Fighting Disease is Better Than Suing Over It
by Amy Ridenour
The FDA may have severely undermined a group of personal injury attorneys looking to sue the makers of a new class of wonder drugs for schizophrenia. It turns out that the nation's premier drug regulatory agency recently agreed with the makers that there is no scientific proof the new and improved anti-psychotic drugs actually cause diabetes. Instead, it said the jury is still out.
Then again, contrary scientific evidence has never prevented lawsuits from being filed in the past. So, it's not clear what effect the FDA opinion is going to have on the plaintiffs' attorneys.
Notwithstanding the lawyers' reactions, the FDA's assessment may at least have the benefit of allaying the fears of patients who unfortunately began to question whether the medication is worth the perceived risk.
Certainly every drug carries risks, and everyone taking a new drug should consider those risks. But, that consideration should be based on medical studies and discussions with one's doctor - not on unsubstantiated claims in a personal injury attorney's advertisement.
This is especially the case with an illness such as schizophrenia.
Schizophrenia is a severe and debilitating disease that causes hallucinations, disordered thinking and delusions, making it difficult for patients to hold down a job or maintain a relationship. As a result, those who suffer from the illness are not its only victims. Family members suffer, too.
Fortunately, much of this suffering is being eased by medications, and new drugs are almost a miracle for many.
The new drugs - known to consumers under the brand names Abilify, Clozaril, Geodon, Risperdal, Seroquel and Zyprexa - are widely believed to be far more effective, with far fewer side effects, than the older generation of antipsychotics. Their effect lasts longer and they have fewer side effects reducing the quality of patients' daily lives.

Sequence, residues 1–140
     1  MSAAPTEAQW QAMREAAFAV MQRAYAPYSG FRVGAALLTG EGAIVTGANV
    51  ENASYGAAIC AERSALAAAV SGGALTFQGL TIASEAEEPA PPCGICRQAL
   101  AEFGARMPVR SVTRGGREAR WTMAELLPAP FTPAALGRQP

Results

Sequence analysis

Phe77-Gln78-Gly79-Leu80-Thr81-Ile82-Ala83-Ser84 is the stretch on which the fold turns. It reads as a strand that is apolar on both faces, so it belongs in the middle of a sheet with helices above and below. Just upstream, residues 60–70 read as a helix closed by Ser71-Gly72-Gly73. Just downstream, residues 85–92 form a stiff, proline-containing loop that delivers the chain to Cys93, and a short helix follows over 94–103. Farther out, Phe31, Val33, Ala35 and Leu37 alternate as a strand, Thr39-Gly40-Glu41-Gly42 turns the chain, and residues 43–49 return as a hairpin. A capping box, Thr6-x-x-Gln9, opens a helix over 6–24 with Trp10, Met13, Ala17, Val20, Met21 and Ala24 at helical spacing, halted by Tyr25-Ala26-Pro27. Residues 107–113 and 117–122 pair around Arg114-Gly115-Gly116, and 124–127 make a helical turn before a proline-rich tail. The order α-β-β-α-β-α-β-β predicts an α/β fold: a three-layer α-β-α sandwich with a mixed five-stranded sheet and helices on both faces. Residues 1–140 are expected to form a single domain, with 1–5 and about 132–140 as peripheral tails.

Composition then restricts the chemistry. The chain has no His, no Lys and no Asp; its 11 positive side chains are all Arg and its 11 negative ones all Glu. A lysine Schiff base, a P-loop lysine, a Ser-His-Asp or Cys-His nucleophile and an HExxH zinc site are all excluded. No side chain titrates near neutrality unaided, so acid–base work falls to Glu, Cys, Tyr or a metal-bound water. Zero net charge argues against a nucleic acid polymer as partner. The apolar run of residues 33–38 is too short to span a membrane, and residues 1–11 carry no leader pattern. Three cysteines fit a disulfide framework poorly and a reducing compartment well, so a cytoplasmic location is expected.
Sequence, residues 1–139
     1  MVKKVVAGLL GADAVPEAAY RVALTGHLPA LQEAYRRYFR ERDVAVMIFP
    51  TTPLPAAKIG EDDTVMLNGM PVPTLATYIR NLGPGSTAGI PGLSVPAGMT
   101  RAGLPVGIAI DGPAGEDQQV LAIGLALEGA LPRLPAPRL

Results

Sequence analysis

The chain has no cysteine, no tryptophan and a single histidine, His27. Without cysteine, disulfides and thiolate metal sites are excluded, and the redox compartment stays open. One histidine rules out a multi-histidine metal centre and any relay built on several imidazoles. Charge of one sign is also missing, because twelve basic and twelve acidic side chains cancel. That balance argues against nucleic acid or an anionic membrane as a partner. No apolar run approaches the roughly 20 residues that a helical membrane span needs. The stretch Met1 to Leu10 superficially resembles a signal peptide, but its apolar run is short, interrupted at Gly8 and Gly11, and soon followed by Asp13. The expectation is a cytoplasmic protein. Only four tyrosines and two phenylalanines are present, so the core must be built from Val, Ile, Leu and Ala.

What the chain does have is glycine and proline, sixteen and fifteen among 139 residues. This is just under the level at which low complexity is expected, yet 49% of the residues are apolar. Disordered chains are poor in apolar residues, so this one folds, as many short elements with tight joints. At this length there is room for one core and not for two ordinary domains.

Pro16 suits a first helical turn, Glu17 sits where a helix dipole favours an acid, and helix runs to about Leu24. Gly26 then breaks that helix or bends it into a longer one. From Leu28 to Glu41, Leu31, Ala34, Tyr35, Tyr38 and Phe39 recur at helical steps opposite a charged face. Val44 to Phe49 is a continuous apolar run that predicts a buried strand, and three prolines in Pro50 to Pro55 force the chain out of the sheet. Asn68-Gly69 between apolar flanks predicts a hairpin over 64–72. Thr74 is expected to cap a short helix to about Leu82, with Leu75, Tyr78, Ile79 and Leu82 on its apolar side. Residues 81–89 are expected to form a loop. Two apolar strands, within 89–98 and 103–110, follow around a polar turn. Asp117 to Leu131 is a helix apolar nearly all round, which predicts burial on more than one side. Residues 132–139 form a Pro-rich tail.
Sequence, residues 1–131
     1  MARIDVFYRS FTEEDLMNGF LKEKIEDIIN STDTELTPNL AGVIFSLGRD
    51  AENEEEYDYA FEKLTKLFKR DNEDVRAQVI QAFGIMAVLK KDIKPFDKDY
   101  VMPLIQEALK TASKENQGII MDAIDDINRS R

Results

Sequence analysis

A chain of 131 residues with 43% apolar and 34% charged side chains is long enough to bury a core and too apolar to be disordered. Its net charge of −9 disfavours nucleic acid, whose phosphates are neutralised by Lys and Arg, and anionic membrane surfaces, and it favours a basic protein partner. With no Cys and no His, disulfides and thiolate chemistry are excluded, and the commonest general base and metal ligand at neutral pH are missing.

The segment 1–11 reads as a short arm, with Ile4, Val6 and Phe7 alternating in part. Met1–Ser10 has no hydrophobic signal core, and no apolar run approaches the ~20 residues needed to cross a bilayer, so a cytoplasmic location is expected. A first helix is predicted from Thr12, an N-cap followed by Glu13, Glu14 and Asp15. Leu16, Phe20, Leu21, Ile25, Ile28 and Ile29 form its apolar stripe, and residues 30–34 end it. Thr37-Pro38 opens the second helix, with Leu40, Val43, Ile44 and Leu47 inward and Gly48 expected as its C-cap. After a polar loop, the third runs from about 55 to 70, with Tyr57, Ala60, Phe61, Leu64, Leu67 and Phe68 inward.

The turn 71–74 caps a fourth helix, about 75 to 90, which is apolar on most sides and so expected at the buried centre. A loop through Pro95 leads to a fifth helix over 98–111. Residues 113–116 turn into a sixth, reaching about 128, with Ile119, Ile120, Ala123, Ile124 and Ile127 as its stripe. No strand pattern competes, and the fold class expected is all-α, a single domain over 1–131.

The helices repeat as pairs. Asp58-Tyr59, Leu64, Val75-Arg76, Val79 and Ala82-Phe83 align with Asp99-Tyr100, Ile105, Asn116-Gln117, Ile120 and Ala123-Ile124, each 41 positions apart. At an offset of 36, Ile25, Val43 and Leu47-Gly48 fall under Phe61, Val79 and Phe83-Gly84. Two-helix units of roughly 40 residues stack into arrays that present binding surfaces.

However, some studies have shown that a greater percentage of patients taking the new drugs have tested positive for diabetes than those who took the older ones. And, for that reason, lawyers have circled around the drug makers like piranhas.
But the lawyers conveniently fail to grasp an important point. Just because a drug is associated with a particular illness does not prove that the drug actually causes that illness.
Consider the fact that long before the anti-psychotic drugs went to market, studies revealed that people with schizophrenia were up to four times more likely to develop diabetes than the general population. One logical medical explanation is that weight gain is a risk factor linked to diabetes and that drugs used to treat schizophrenia are known to cause weight gain in some patients. In other words, it is unlikely that the drugs themselves are causing diabetes, since the diabetes link existed before the drugs were invented.
But the lack of evidence hasn't stopped many trial attorneys from trolling for plaintiffs, perhaps scaring them off their medication and possibly doing great harm to a vulnerable community in the process. Legal hysteria has serious implications across the entire health care industry.
As Dr. Mark McClellan, head of the FDA, recently noted, our nation's litigious habits are having a negative impact on drug makers by "increasingly threatening the development of badly needed cures for physicians to use."
According to Dr. McClellan, "The legal system is altering the practice of medicine and the development of medicines themselves, in ways that harm patients."
Imagine if the manufacturers decided they were sick of the lawsuits, and stopped making the drugs. Literally millions of patients with schizophrenia would no longer be able to function as well in society. That's why it is a good thing that the FDA is seeking to set the record straight. The agency took a prudent step, deciding to notify physicians about the possible risk of diabetes associated with taking drugs to treat schizophrenia.
But the FDA wisely noted that there is an "increased background risk of diabetes" in schizophrenia patients to begin with and an "increasing incidence of diabetes" in the general population.
As a solution the FDA suggested that doctors should pay greater "attention to the signs and symptoms of diabetes" in these patients. Imagine that. Rather than having to march into court, patients and doctors just have to watch out for certain symptoms and, if they detect diabetes, treat it.
Now that makes sense. It's no wonder that fighting disease with the proper medical care is far better than suing over it.
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Amy Ridenour is president of the National Center for Public Policy Research. Comments may be sent to [email protected].
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